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Sushrut Trauma centre case: Administrative lapses, not medical negligence led to deaths says Delhi Medical Council

Sushrut Trauma centre case: Administrative lapses, not medical negligence led to deaths says Delhi Medical Council

New Delhi: The Delhi Medical Council has said that “administrative lapses” led to the deaths of five patients at a trauma centre here in 2012, and recommended that the city government initiate “corrective measures” to prevent a repeat of such incidents.

The council, in a statement, said, it has examined a case referred to it by the Delhi Police in connection with deaths of the patients at the Sushrut Trauma Centre due to “disruption in oxygen supply” at the intensive care unit (ICU).

It has observed that “on the intervening night of December 4 and 5 in 2012, only one employee was posted on duty in the manifold room instead of two technical personnel, which is recommended”.

“Untrained person said to be technicians were employed by the company to provide oxygen to the ICU at the trauma centre and the annual maintenance contract (AMC) of the pipeline was not renewed timely,” the council said.

The medical body also pointed towards the shortage of nursing staff on the night of the incident for managing “five critically patients on ventilator”.

It said the doctors and nursing staff performed their duty with proper care.

“In this case there was no medical negligence on the part of doctors, but unfortunately lives were lost, due to administrative lapses, hence the government of Delhi is requested to fix accountability and initiate corrective measures, to prevent such incidents from happening in future,” the council said in the statement.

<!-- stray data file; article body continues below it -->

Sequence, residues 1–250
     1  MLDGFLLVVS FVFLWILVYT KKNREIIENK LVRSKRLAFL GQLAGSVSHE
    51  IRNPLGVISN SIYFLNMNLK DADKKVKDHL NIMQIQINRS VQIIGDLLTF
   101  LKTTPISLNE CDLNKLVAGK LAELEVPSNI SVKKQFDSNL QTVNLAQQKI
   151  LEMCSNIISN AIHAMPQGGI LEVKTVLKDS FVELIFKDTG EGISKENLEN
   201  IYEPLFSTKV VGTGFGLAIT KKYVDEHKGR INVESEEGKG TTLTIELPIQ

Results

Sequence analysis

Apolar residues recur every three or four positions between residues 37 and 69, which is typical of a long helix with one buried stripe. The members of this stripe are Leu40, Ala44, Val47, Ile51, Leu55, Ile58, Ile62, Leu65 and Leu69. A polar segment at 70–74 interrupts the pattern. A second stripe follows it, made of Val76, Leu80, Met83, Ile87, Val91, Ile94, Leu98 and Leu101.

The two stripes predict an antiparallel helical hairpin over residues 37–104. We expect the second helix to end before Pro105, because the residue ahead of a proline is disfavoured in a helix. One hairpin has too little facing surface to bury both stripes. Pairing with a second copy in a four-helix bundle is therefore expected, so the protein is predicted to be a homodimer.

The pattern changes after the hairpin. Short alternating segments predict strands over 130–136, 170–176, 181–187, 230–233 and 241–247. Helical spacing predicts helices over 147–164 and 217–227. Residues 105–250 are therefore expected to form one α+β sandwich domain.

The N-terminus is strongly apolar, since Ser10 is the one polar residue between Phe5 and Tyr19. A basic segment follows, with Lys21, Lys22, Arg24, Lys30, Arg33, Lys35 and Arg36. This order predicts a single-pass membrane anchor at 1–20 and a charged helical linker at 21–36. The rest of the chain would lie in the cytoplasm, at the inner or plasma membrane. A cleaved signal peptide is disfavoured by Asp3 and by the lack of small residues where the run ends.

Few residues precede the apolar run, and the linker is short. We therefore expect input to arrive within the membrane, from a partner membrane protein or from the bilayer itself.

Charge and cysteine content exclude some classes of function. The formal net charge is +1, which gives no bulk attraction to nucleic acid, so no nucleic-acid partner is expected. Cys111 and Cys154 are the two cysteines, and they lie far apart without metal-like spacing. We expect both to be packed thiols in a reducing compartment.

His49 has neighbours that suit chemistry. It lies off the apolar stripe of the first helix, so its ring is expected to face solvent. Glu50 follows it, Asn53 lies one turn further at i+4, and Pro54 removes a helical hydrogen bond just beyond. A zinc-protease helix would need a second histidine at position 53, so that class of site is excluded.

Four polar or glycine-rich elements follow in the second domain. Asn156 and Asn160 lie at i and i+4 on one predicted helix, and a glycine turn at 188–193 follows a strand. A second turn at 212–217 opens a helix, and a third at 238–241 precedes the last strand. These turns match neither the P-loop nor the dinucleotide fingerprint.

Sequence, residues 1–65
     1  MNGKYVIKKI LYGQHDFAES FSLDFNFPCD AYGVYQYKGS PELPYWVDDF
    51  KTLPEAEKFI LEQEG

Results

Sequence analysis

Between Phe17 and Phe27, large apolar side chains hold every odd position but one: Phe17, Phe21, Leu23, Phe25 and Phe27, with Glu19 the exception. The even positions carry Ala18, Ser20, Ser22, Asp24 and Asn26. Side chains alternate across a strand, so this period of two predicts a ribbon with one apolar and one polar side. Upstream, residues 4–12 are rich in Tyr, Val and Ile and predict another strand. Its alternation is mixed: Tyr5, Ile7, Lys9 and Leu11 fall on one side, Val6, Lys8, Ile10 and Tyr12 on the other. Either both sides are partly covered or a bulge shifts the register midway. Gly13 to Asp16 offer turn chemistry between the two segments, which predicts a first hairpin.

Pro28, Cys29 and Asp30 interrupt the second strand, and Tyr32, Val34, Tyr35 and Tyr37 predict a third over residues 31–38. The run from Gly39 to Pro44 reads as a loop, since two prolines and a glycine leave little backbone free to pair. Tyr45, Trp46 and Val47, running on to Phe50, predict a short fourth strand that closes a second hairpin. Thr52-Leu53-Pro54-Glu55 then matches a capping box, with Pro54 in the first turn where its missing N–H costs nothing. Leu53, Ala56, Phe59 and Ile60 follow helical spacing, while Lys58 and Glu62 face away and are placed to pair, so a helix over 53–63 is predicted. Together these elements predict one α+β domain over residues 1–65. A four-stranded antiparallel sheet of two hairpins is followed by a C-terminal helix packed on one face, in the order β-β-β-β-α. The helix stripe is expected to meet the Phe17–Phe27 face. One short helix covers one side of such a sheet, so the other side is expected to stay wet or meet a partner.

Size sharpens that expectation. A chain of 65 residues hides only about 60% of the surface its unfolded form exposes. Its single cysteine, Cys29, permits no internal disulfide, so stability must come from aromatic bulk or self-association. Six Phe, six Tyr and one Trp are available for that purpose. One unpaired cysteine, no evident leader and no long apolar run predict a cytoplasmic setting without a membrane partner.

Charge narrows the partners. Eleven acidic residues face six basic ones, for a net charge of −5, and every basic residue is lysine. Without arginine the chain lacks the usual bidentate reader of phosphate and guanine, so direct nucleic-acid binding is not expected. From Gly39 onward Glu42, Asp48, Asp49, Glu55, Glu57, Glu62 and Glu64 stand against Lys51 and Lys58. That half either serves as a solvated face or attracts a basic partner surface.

The Sushrut Trauma Centre was established in 1998 for providing critical care management to trauma victims, including for head injury, as an annexe of the Loknayak Hospital under the overall administrative and financial control of the medical superintendent of the LNJP.

Here are the issues pointed by the Delhi Medical Council:
  • Untrained person said to be technicians were employed by the company to provide a continuous supply of oxygen to the ICU at Sushrut Trauma Centre. On the night intervening 32 and 4. December, 2012 only one employee was posted instead of two trained employees, as per
  • During night shift only one person was posted on duty in the manifold room instead of the recommend two technical personnel.
  • The Annual Maintenance Contract of the pipeline was not renewed timely.
  • Only one staff nurse was on duty on a fateful night in ICU for managing five critically patients on the ventilator, which is not in accordance with the prescribed nurse / patient ratio in ICU. Despite this the doctors on duty and nurses resuscitated all the five patients.
  • Disruption of the oxygen supply was lapse on the part of the company, who was responsible to provide the continuous supply of oxygen. After which two doctors along-with nursing staff called other doctors and nurses from operation theatre etc and managed/resuscitated all the patients and performed their duties with proper care and skill. All the Otis patients in question were on ventilators and critically ill, suffering from neurosurgical problems with poor

“In future, any disruption in the supply of oxygen and such failure should be brought to the notice of the competent authority by the person who is responsible to use the equipment for further rectification of the defect,” it added.

Source: PTI
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